Tape Op Magazine recently added their extensive 2004 interview with Rudy Van Gelder to their web archives. I highly recommend this interview for recording enthusiasts. Mr. Van Gelder was the man who recorded so many of the greatest jazz records of all time, including John Coltrane and his classic quartet recordings for Impulse Records.
Introduction to the Tape Op Interview:
Rudy Van Gelder’s legend looms large, yet he has avoided most interviews throughout his 50-plus years in the recording biz. He has never discussed his techniques, and even in the following interview he didn’t divulge details. Van Gelder is best known for the LPs he recorded in the ’50s and ’60s for the Blue Note and Prestige jazz labels. In his youth he built a recording studio in his parent’s house where he recorded Miles Davis and many others. Having outgrown the first home studio, he built his own recording studio/complex/home in Englewood Cliffs, New Jersey, which remains. The scope of Van Gelder’s work is unknown, but it’s a foundation for the maps, legends and history of the music of John Coltrane, Dizzy Gillespie, Herbie Hancock, Wayne Shorter and others. Van Gelder’s work is both intimate and mind blowing, and he might be the greatest recording engineer in jazz history.
Musicians, whether they are recording or just playing music, need to understand the importance of “room treatment” and how it plays a key role in the sound you hear. I have had mixed results trying to explain this concept to others. In my own case, I noticed the difference immediately after I hung my first homemade absorber over my listening position at Tangled Wire Studios. Since then I have added several absorbers and bass traps to my recording space. I can say with confidence, I have a decent sounding room.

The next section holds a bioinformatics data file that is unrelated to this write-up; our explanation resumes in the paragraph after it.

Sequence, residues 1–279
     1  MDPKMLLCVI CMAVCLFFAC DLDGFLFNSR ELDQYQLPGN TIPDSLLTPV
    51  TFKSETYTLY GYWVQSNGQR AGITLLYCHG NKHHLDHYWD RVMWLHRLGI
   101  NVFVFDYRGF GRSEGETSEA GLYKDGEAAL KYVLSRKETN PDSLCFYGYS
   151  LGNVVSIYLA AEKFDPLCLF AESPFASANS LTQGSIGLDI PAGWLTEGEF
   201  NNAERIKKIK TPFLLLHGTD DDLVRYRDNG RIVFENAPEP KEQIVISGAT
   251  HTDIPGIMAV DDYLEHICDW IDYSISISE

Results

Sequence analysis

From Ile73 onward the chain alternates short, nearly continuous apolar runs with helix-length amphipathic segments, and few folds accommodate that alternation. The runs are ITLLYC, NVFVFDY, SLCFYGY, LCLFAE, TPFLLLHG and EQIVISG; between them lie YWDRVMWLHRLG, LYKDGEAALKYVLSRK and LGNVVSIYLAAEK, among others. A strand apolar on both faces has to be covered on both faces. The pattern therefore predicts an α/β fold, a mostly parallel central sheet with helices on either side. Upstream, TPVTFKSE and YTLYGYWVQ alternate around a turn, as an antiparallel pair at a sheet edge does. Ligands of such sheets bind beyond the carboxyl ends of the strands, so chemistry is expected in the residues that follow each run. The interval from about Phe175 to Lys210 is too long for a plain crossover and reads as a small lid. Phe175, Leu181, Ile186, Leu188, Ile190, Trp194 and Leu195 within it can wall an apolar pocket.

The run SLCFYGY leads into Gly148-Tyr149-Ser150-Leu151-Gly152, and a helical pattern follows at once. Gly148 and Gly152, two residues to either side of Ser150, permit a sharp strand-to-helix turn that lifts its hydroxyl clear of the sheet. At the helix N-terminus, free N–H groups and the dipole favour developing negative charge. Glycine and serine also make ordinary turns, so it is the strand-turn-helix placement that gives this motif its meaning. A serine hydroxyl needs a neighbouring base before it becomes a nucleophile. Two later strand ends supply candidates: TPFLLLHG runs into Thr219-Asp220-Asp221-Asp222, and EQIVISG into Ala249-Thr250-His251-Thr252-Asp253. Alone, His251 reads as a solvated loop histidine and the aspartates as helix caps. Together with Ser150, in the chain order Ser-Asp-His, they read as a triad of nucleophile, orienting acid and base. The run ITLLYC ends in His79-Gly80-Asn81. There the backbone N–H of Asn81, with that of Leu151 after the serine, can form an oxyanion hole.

I recently cam across an excellent and short video that explains how sound travels within a room. (Hat tip to the Tape Op Blog) The explanation is concise and the terminology used is simple enough for non-scientific minds like mine.
Tape Op Magazinehas been around since 1996. Each bi-monthly issue is packed with a wealth of information for the recording musician – Everything from interviews with producers and engineers, to reviews of the latest gear and recording technology. I love reading about the famous and not so famous people who worked behind-the-scenes to create some of iconic recordings that helped influence my musical tastes. Besides hearing about these people, you also get to read about some of the famous recording studios where the magic was created. In addition, you will find many valuable recording tips to help you in your own musical pursuits. Tape Op Magazine is one of the few magazines I read from cover to cover. If you are a recording musician, this is a must have resource.
Did I mention that mail subscriptions of the print edition are free? That’s right. For people who live in the United States and the United Kingdom, magazine subscriptions are free.
Click on this link and get started with your subscription. You won’t be sorry.